Video-fish (Poissons-vidéo), 1979 - 1992
7 to 15 monitors, 7 to 15 aquariums with fish,
2 videos, NTSC, colour, silent, 30’.
Collection Centre Pompidou, Paris (France)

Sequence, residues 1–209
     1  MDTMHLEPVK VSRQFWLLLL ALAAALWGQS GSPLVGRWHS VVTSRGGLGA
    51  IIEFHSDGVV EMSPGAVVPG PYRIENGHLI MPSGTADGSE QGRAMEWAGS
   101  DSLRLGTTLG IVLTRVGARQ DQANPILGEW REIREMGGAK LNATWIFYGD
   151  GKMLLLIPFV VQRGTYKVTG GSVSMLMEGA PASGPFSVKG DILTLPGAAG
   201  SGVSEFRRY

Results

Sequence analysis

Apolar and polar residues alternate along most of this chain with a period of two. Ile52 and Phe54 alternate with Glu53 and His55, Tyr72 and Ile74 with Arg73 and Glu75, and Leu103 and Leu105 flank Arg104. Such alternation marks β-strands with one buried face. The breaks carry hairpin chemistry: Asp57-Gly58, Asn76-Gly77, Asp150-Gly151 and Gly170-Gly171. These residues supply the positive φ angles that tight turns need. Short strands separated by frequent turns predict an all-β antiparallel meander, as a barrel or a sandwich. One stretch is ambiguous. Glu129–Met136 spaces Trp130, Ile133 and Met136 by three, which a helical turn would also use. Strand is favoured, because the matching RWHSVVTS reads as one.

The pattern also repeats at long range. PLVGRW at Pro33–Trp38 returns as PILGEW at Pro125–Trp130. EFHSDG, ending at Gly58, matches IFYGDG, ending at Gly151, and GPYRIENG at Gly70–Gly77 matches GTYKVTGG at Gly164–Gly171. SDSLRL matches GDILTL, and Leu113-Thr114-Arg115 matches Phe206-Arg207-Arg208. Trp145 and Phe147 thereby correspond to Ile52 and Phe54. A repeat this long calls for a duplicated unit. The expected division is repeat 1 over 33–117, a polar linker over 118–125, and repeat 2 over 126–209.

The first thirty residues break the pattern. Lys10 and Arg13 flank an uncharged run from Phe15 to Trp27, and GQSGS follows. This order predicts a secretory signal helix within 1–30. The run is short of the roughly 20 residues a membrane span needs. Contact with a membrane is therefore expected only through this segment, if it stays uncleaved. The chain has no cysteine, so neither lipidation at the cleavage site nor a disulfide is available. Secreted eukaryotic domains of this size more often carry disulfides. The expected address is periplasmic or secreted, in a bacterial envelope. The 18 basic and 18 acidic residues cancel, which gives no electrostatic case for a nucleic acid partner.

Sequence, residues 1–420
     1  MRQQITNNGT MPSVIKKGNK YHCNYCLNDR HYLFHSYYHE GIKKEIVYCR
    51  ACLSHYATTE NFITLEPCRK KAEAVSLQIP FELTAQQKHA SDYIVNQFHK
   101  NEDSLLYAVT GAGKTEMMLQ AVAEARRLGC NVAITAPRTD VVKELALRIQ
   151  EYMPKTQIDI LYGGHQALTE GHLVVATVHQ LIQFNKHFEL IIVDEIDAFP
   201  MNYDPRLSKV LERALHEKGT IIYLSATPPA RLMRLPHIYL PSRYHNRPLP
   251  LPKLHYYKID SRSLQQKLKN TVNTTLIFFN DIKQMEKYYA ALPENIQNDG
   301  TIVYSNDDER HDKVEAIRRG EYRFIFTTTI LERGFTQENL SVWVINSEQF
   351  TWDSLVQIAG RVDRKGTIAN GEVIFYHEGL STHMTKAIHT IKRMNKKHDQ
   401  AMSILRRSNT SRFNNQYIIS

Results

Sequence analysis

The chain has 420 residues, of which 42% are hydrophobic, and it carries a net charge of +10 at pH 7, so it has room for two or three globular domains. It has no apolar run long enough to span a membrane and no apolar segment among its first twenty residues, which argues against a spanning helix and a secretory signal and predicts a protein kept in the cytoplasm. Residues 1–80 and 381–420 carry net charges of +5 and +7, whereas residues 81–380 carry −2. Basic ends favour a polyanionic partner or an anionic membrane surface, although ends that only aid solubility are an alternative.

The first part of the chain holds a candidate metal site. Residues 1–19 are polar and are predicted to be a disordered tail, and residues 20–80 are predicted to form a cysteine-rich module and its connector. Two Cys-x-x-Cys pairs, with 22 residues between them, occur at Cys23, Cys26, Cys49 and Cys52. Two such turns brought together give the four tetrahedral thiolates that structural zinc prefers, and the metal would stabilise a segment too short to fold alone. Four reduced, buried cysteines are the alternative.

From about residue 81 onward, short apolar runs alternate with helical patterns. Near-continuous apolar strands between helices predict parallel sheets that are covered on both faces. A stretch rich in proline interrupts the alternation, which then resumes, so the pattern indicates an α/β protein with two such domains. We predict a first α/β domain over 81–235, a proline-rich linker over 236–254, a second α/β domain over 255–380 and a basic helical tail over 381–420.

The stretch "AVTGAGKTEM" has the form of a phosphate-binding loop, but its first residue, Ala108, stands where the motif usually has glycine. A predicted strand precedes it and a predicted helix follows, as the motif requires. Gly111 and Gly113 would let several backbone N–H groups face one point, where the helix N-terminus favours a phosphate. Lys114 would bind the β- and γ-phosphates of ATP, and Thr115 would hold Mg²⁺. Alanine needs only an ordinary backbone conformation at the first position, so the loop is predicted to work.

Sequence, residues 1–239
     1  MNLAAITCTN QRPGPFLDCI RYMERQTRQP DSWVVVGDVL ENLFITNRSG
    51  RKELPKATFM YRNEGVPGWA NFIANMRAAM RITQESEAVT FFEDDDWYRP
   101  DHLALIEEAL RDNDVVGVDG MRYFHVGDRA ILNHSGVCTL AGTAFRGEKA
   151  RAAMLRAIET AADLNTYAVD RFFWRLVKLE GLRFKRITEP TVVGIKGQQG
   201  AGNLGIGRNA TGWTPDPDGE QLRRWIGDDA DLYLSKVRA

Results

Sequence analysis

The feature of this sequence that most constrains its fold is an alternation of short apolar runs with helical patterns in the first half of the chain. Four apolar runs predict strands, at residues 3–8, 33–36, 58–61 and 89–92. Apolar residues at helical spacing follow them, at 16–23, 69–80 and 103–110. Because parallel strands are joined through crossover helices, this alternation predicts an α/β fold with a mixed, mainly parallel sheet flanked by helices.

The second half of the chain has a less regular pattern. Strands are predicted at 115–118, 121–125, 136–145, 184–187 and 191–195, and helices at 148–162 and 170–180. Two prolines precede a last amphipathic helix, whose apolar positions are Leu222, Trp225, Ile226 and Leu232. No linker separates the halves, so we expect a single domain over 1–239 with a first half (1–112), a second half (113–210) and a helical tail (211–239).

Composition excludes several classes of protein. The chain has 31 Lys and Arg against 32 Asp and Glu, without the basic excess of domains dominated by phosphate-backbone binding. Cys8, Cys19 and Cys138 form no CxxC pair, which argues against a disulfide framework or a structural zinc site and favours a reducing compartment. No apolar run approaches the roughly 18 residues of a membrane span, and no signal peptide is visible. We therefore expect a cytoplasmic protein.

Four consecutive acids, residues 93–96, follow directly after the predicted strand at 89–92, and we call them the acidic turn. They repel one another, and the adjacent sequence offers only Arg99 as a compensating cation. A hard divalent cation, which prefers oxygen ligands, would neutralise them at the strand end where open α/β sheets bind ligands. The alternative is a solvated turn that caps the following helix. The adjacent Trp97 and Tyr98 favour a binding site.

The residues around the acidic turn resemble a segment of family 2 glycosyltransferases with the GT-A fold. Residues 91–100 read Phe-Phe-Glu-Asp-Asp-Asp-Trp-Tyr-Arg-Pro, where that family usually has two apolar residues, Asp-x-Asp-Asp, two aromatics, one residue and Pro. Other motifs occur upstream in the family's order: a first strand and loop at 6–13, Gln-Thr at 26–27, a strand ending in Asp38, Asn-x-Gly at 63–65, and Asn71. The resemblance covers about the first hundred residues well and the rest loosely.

The early days of a newborn art form are rife with experimentation. Artists seek out the unique qualities of the medium. Motion picture artists were initially intrigued by the realism of movies. They reputedly galloped horses out of the screen in order to panic the audience. The art form that slowly developed out of film experiments – silent movies – came to a precipitous end when talkies appeared. Pioneers of video were initially drawn to the medium by the live image. Video provided artists with a means to explore time. Bruce Nauman and Dan Graham used a live video camera and time delay to produce works that had viewers run into their earlier actions. Never before had the past and the present met in such a direct confrontation. Video revitalized the age-old question about the reality of dreams and fantasy, i.e., what is real and what is virtual? Eventually artists decided that the video image is as real as anything else we see, touch and smell. Paik initially settled into New York in a studio on Canal Street. The spot was ideal for an artist fascinated by the detritus of modern living. During the day, the shops along Canal emptied second-hand electronic and machinery wares onto the sidewalks. Paik's path to the corner deli for coffee and juice meandered through the paraphernalia of his palette. The helter-skelter piles of rusted motors and TV carcasses are the palimpsest of the fluxus energy in Paik's installations. The corner deli was the only outpost of civilization in the downtown artist neighborhood of the 1960s. It was not a place to linger, but Paik often ran into the locals, musician Steve Reich, film-maker Michael Snow and poet Allen Ginsberg. Naturally they entered each other's works. Paik shows up in Michael Snow's classic structuralist film, Wavelength, right at the end of the film's 45-minute zoom; a sharp eye can pick out a highly “colorized” Allen Ginsberg chanting away in Paik's video, Global Groove. Paik, prowling the streets for Portapak action, often dropped by Merce Cunningham's studio. It was the spot where many art forms intersected. Paik might meet Warhol and Rauschenberg dropping off sets for a new Cunningham dance piece, and he could sit in with composers Cage and David Tudor editing birdcalls and cricket chirps into a random electronic score. Blue Studio, Cunningham's first choreographed video work, featured several iterations of himself performing together against a blue background. The blue dance fit in with Paik's fixation on the limited mobility of fish in a tank. Paik was scheming to launch fish into the blue sky. Fish on the Sky – Fish hardly flies anymore on the Sky – Let Fishes fl y again showed in 1975 at the Martha Jackson Gallery warehouse near the Hudson River. Viewers lay on blue exercise mats spread on a disco-sized gallery floor, and looked up at undersea life on monitors floating above. The fish is a Paik logo for video. Sketches of his planned installations typically have a fish drawn within outlines of monitors. And at times he turned his loft into a virtual aquarium. Visiting friends had to navigate a sea of monitors devoted to marine life. Swimming in monitors suspended from the ceiling, the fish look like aliens that landed in the ocean eons ago, and new species are still arriving from outer space. Science has slotted the biological class pisces into a tidy evolutionary model, but an understanding of the world of fishes remains beyond human ken. The video that Paik made for the fish of Video Fish was obviously a labor of love for someone into fish. Their bulging eyes indicate fish are attentive viewers who might appreciate good video. Paik thought Merce Cunningham's dance on blue would appeal to underwater denizens and consequently he choreographed a video work of several Cunninghams and fishes dancing. Video Fish consists of a row of fish tanks with a monitor pressed against a glass wall of each tank. The Cunningham-fish video seen through the murky water of the fish tanks is blurred, but the live fish in the tanks may have a good view. They appear interested in the video. Occasionally a fish swims over to check out a viewer peering at the ballet. The face-off of viewer and viewee, human and fish, is echoed in the background video of virtual Cunninghams and fish dancing. Om, we are all one, and fish are included. If fish are aliens, Paik's thoughtful attention should make them feel at home. Video Fish reflects the yin aspect of Paik's art. Fluid and sensual, the work lulls the viewer into a contemplative frame of mind. Many other Paik projects are dominated by a hard-hitting yang pace. His range is broad, as befits an artist who seeks to reach across cultures to fashion a universal art.